Author Topic: Did John Connally Turn To His Right And Survey The Crowd After The First Shot?  (Read 475 times)

Offline Thomas Graves

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Did John Connally turn to his right and survey the crowd immediately after the first shot (which I believe occurred about 1.4 seconds before Zapruder resumed filming at Z-133)?

This is what he said in an interview:

[...] At that particular juncture the crowd was still very thick and very enthusiastic. It began to thin immediately after we turned onto Elm Street. We could look ahead and see that the crowd was beginning to thin along the banks, just east, I guess of the overpass ... We had just made the turn, well, when I heard what I thought was a shot. I heard this noise which immediately took to be a rifle shot. I instinctively turned to my right because the sound appeared to come from over my right shoulder, so I turned to look back over my right shoulder, and I saw nothing unusual except just people in the crowd, but I did not catch the President in the corner of my eye, and I was interested, because once I heard the shot in my own mind I identified it as a rifle shot, and I immediately -- the only thought that crossed my mind was that this is an assassination attempt. So I looked, failing to see him, I was turning to look back over my left shoulder into the back seat, but I never got that far in my turn. I got about in the position I am in now facing you, looking a little bit to the left of center, and then I felt like someone had hit me in the back. [...]

[emphasis added]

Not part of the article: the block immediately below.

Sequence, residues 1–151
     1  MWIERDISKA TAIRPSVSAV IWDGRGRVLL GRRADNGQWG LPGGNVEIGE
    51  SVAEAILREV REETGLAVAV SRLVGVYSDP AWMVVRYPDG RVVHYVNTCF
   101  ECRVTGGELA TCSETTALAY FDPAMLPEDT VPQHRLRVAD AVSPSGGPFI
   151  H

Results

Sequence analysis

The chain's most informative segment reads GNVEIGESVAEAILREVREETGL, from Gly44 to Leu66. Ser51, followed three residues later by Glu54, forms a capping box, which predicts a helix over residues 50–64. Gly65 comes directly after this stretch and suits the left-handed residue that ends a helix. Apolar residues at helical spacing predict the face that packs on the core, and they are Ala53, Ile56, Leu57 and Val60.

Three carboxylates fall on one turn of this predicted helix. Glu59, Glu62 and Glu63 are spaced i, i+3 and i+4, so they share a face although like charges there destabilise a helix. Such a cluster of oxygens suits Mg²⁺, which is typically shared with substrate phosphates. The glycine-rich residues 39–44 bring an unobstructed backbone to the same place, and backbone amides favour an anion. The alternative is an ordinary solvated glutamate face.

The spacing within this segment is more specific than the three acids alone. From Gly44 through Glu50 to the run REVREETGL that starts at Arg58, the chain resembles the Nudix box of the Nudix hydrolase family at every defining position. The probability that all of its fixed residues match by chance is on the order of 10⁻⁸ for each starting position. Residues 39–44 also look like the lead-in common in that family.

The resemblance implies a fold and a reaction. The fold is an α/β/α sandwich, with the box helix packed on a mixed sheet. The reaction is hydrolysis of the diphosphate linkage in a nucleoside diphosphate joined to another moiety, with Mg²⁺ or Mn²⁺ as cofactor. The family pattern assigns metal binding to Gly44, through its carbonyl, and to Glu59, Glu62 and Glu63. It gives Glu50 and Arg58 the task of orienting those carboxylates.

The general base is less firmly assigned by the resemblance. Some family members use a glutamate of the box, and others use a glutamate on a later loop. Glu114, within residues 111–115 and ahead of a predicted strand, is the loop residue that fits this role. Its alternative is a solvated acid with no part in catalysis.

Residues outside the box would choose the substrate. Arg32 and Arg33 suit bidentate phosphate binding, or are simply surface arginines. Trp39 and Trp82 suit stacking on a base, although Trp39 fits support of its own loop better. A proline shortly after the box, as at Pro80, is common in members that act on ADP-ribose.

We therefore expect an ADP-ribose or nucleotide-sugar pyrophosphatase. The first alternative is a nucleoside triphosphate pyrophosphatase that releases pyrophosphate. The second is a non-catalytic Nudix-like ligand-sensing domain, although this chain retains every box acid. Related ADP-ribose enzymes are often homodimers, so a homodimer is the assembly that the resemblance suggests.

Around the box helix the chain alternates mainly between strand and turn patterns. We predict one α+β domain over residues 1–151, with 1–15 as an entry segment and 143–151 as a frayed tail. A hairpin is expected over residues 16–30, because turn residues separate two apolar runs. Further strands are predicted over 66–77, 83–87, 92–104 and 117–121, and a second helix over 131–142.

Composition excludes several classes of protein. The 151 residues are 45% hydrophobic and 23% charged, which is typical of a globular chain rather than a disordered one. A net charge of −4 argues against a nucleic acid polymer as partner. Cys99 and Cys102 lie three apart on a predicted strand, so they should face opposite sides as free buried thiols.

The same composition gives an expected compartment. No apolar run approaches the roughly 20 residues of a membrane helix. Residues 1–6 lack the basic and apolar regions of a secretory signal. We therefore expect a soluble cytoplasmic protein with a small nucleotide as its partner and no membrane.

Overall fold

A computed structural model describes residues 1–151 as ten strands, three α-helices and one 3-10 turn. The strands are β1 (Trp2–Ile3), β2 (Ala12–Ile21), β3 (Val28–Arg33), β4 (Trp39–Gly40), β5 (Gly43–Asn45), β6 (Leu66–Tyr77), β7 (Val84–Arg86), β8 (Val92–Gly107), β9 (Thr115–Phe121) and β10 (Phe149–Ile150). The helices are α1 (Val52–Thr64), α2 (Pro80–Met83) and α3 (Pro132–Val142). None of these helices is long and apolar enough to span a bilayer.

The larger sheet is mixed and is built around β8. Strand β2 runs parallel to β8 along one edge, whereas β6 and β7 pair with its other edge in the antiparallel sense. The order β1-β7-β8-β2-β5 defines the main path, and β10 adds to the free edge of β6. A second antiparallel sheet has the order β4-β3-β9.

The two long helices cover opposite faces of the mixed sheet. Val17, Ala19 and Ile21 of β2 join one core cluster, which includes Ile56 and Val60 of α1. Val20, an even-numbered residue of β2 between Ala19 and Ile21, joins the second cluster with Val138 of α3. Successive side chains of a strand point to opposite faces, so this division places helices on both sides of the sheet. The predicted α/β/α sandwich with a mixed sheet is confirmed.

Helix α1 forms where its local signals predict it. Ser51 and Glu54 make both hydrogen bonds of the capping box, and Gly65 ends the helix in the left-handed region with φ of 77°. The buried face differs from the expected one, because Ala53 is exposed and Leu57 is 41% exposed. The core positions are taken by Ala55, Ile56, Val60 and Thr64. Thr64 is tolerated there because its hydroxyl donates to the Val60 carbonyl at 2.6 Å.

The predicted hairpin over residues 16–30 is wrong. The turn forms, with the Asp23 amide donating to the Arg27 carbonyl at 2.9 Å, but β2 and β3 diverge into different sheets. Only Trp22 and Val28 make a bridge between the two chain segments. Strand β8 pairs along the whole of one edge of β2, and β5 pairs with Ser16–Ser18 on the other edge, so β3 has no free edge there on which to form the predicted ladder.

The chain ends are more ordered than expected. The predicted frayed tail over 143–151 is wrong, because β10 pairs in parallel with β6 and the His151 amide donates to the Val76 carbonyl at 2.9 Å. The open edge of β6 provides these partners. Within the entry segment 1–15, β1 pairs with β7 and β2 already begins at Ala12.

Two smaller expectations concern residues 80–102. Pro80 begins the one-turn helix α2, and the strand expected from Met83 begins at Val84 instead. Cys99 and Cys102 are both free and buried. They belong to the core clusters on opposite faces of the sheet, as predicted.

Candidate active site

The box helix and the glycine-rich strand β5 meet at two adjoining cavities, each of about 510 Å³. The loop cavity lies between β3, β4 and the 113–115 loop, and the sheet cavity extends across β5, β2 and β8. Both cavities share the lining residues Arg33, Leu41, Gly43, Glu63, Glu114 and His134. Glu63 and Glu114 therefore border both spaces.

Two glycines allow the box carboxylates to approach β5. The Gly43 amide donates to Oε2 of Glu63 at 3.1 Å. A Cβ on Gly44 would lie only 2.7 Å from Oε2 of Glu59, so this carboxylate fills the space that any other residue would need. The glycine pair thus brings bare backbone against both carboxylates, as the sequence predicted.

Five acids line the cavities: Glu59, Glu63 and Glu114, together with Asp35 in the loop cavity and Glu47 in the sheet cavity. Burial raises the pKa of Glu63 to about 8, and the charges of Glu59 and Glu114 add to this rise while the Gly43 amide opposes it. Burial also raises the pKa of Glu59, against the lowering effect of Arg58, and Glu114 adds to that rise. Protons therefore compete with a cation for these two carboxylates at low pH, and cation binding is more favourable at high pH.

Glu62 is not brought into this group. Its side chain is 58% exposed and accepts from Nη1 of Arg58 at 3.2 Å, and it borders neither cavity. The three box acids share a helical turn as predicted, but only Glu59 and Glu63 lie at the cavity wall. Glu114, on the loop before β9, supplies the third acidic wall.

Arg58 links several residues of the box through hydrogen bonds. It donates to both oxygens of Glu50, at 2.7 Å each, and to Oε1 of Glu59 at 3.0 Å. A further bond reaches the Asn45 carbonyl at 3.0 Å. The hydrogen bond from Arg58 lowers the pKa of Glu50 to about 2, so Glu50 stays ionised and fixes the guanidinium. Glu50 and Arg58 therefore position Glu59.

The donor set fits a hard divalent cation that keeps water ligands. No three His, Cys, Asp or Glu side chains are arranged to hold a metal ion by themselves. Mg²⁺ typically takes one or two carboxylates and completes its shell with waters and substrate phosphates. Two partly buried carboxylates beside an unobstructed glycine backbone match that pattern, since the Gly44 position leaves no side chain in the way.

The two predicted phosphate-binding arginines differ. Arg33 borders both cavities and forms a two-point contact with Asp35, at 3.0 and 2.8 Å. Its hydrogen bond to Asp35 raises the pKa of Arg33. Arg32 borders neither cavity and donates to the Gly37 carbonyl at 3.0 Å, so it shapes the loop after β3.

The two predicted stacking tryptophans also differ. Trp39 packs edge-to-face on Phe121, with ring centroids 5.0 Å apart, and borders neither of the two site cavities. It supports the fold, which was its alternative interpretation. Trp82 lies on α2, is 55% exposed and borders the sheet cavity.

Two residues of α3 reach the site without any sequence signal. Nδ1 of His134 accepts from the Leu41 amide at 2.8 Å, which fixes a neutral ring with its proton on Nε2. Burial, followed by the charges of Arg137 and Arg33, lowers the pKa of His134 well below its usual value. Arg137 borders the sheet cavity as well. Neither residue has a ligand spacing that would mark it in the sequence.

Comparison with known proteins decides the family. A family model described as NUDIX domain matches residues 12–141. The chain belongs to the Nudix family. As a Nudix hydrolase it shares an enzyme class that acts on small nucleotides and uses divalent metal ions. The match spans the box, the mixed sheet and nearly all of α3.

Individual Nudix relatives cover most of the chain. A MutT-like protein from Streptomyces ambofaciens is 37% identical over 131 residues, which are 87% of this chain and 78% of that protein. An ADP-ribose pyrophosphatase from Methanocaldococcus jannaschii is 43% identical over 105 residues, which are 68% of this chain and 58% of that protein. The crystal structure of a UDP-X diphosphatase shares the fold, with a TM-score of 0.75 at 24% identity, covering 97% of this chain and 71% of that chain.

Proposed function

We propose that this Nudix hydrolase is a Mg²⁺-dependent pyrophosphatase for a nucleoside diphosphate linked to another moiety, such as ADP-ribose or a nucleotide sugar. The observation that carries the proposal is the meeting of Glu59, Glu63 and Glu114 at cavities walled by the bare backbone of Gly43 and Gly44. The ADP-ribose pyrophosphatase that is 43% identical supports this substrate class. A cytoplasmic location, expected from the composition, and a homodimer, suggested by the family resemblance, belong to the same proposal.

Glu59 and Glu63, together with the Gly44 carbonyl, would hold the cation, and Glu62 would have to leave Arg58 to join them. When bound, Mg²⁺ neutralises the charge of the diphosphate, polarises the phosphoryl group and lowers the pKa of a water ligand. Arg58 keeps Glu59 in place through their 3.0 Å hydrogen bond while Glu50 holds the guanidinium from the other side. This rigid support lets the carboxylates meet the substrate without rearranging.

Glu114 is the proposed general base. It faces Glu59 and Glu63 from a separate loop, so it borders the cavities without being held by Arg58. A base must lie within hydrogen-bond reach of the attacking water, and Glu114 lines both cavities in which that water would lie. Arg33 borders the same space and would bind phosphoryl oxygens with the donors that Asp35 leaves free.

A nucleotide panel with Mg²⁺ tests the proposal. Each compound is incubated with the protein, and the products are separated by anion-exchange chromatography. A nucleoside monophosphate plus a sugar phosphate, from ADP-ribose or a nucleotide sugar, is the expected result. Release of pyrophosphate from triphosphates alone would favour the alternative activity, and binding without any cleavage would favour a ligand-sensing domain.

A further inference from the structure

The Zapruder film, frame-by-frame:

https://www.assassinationresearch.com/zfilm/


--  MWT  ;)
« Last Edit: July 16, 2020, 07:12:26 AM by Thomas Graves »

Offline Chris Bristow

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It looks like he is turned his head about 90 degrees to his right before reaching the Stemmons sign. That is the point he should have seen JFK in the corner of his eye. Maybe that is the look around he referred to but he should have seen JFK who was still sitting straight up.
  Not seeing JFK would make more sense if the look around started after 223 because JFK was leaning left away from J.C.'s view by the time he turned around. But the big problem is J.C. said that after he was hit he fell back or was pulled back by Nellie then he rolled over into her lap. He did not say that after being hit he shifted his torso around to the right and turned as far as he could to look backwards. That part of his account is more consistent with his and Nellie's opinion that JC was hit well after JFK's neck shot.
 JC's turn around after 223 looks very awkward and I guess it was tough for a big guy to shift around in that small and low seat. That is why it is hard to understand how he did that after loosing 4 inches of rib and a sucking chest wound. Or how he held his hat after the bullet fractured his wrist and severed the tendon to his thumb. He also articulated his wrist into a bent position as he fit his hat between himself and the door. I suppose if a bullet passed cleanly through the wrist you might still be able to move even after that trauma. But it is hard to see it happening when the bone that the wrist pivots and rotates on is fractured and a chunk broken off the end of it.
 So looking at the Z film he could have looked back before the Stemmons sign as well as after but after 223 makes more sense to me.
« Last Edit: July 17, 2020, 02:15:10 AM by Chris Bristow »

Offline Thomas Graves

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It looks like he is turned his head about 90 degrees to his right before reaching the Stemmons sign. That is the point he should have seen JFK in the corner of his eye. Maybe that is the look around he referred to but he should have seen JFK who was still sitting straight up.